The problem is, if we assume that “the mind is nothing more than the brain,” there may be nothing we can discover about how it works. Gleiser wishes we could prove that that’s wrong but he can’t.
Apart from simple laws governing neurons, we have no clue what laws the mind follows, though it does show complex nonlinear dynamics.
In his chapter of a new anthology, The Comprehensive Guide to Science and Faith: Exploring the Ultimate Questions About Life and the Cosmos (2021), neurosurgeon Michael Egnor looks at the growing evidence that the mind is not simply what the brain does and defends a dualist view.
Neuropsychologist Mark Solms and neurosurgeon Michael Egnor agreed that clinical experience supports a non-materialist view of the mind but that the establishment doesn’t.
Essentially, panpsychism offers a way for scientists to address human consciousness, as currently understood, without explaining it away as an illusion. It would allow us to say that if Zombie-Jane existed, she would be missing something critical that Jane has (and so does everything else, to some extent). Whether that makes panpsychism a better explanation of reality than idealism or dualism is a separate question. Like all points of view, they have their own issues but the Zombie isn’t one of them.
Egnor saw patients who didn’t have most of their frontal lobes who were completely conscious, “in fact, rather pleasant, bright people.”
Neuropsychologist Mark Solms: a lot of evidence, suggests that the source of consciousness in the brain is in fact in the brain stem, which is a much more ancient, much more primitive structure that we share, not only with all other primates and all other mammals, but in fact, with all vertebrates.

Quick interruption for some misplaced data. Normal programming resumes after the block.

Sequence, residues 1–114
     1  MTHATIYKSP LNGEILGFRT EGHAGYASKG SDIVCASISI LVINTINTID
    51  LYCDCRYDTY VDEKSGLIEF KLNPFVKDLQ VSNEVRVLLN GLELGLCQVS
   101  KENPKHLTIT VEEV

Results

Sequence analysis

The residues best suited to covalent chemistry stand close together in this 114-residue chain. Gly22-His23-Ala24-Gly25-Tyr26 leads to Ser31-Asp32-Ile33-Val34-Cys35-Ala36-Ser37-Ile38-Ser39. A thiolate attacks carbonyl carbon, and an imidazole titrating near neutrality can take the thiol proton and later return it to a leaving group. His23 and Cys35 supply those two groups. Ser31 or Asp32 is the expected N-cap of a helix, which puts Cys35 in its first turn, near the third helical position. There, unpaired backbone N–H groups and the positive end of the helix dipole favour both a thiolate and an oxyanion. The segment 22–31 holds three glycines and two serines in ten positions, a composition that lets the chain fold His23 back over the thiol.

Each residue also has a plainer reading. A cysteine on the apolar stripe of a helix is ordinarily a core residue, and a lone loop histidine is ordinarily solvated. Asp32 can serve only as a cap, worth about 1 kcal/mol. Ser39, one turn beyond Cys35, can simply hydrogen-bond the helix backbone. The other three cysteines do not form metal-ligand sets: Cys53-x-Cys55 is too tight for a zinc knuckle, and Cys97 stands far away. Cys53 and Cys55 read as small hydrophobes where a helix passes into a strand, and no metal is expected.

The problem with getting AI to understand causation, as opposed to mere correlation, has led to many spurious correlations in data driven papers.
In the real world, if we succeed in communicating with whales, it will be much like communicating successfully with dogs, cats, and horses. None of them are furry people. Whales are not blubbery people either. They won’t bring us closer to understanding what sets humans apart than dogs will.
One-celled intelligence aside, it’s unclear how Antonio Damasio’s ladder of consciousness, built on self-balancing and death avoidance, gets us the human mind.
Researchers attempting to map the brain must contend with massive complexity at every level, as a report in Nature shows. The proposed whole brain map will shed light on many of these situations. If it doesn’t shed light on some of them, we are probably looking at a new frontier.
At GenEng and BioTech mag: “In a new study, stem cell scientists at the Lund University, Sweden, explore the role of non-coding regions of the genome—previously deemed to be functionless “junk” DNA—and find humans and chimpanzees use a part of their non-coding DNA in different ways. This they claim affects how and when the human brain develops.”
If information flow in the brain is “largely unconstrained” by anatomical wiring, it’s easy to understand why we sense that we have “minds” apart from our brains.
In response to Harvard astronomer Avi Loeb denying free will and all that, neurosurgeon Michael Egnor points out, “Logic and reason aren’t laws of physics and therefore they transcend physical properties.”